As I OMed more and more, I began to trust my body’s inner voice. For example, I had decided marriage just wasn’t for me when mine ended after ten years. Yet somehow, the desire to marry Matt hit me so hard one time when we were making out that I cried. To be driven by something alive, yet completely different from my own thoughts, was beyond powerful. There exists a deeper self, beyond the mind, I started to learn. One that has input worth considering.
My mind would generally tell me, ‘Shut up, you don’t know what you’re talking about.’ Meanwhile, as I began to listen to my body and intuition, my life felt like an exciting mystery. My mind had always planned every detail to the point of boredom. This other thing with its own agenda was leading me to the adventurous life my brain would never allow.
Six months of daily OM revealed all these new ways of recognizing desire. I discovered that the voice that said, "Get divorced," earlier in life was the same one that said, "Go a little higher," during an OM. It was the same one that brought me to tears while making out with Matt. I began, consciously, to practice listening to it in the nest so that I could better hear it amid all the chatter outside of OM.
Even with rigorous practice, it still took about three years for me to start properly making adjustments in OM. My conditioning and beliefs made it difficult to request what I truly desired. I was afraid I might seem ungrateful if I requested something different. ‘Will I ruin what I have now?’ I wondered.
Part of me still resists stating desires truthfully and accurately. It’s an incredibly vulnerable thing to do. But so is OM. And now that I hear that vital, intuitive voice over the background noise, it talks constantly. Not just once a year, or every few months. My hunger can feel shameful, or high maintenance, or downright inconvenient.
But through OM, I have come to the knowledge that I need to say what I want. Things are worse if I don’t. The silence of unexpressed desire causes less connection, less sensation. It leads to less satisfaction and less fulfillment—to less everything. In OM, life, and sex.
I moved to Los Angeles five years after hearing the voice tell me to move. That’s how slowly things moved, how much I pushed back. A big part was Matt. Matt was an absolute no at first and for good reason. He'd lived in Vermont for decades, his job was secure, he was content.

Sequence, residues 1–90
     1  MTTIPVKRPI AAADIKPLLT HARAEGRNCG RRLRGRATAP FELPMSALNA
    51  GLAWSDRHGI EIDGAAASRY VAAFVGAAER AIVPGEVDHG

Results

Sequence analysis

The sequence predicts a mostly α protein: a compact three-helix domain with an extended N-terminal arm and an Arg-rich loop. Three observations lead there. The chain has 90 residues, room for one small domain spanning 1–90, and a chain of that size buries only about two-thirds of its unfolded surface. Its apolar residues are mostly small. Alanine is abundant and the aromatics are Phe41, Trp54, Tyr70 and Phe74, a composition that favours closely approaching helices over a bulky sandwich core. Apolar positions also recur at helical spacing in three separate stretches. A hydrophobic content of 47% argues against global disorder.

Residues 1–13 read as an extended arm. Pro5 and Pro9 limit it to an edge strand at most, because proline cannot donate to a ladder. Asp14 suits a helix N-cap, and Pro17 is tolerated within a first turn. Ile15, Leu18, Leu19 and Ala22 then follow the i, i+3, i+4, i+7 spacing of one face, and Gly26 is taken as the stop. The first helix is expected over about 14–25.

I spent four years trying to persuade him to join me before accepting a new job offer and leaving for the West Coast myself. Two months later, he finally joined me and was ecstatic. He absolutely loved L.A. So when I said I wanted to move to a retreat center north of San Francisco, we went through the same process. It was a bit quicker, but had the same result—he loved it there. And now I follow the voice because I know it will take me where I need to be.
OM keeps me inside my body and in touch with that voice. OM is like a flow space that yields insights and breakthroughs. It keeps me grounded. If I don’t OM regularly, I feel a little uncentered. I feel cut off from my body. OM nourishes me in ways nothing else can.
And there is this thing that can happen in OM, where all that gets stuck in a day—the anger, the resentment, the masks, the trying to look good, to be that which I am not—all of those layers simply melt away. And what remains is me. Grounded. Centered. Sane.
I want to live in a world where everyone hears and listens to that inner voice. I believe we each have a role to play, that we each have something inside that should see daylight, that will fulfill us and leave the world a better place. I know because I've experienced this. I know because I’ve experienced OM.
See Cara Joy tell her story here!
Cara Joy Brand is a 41-year-old wellness coach living in San Francisco.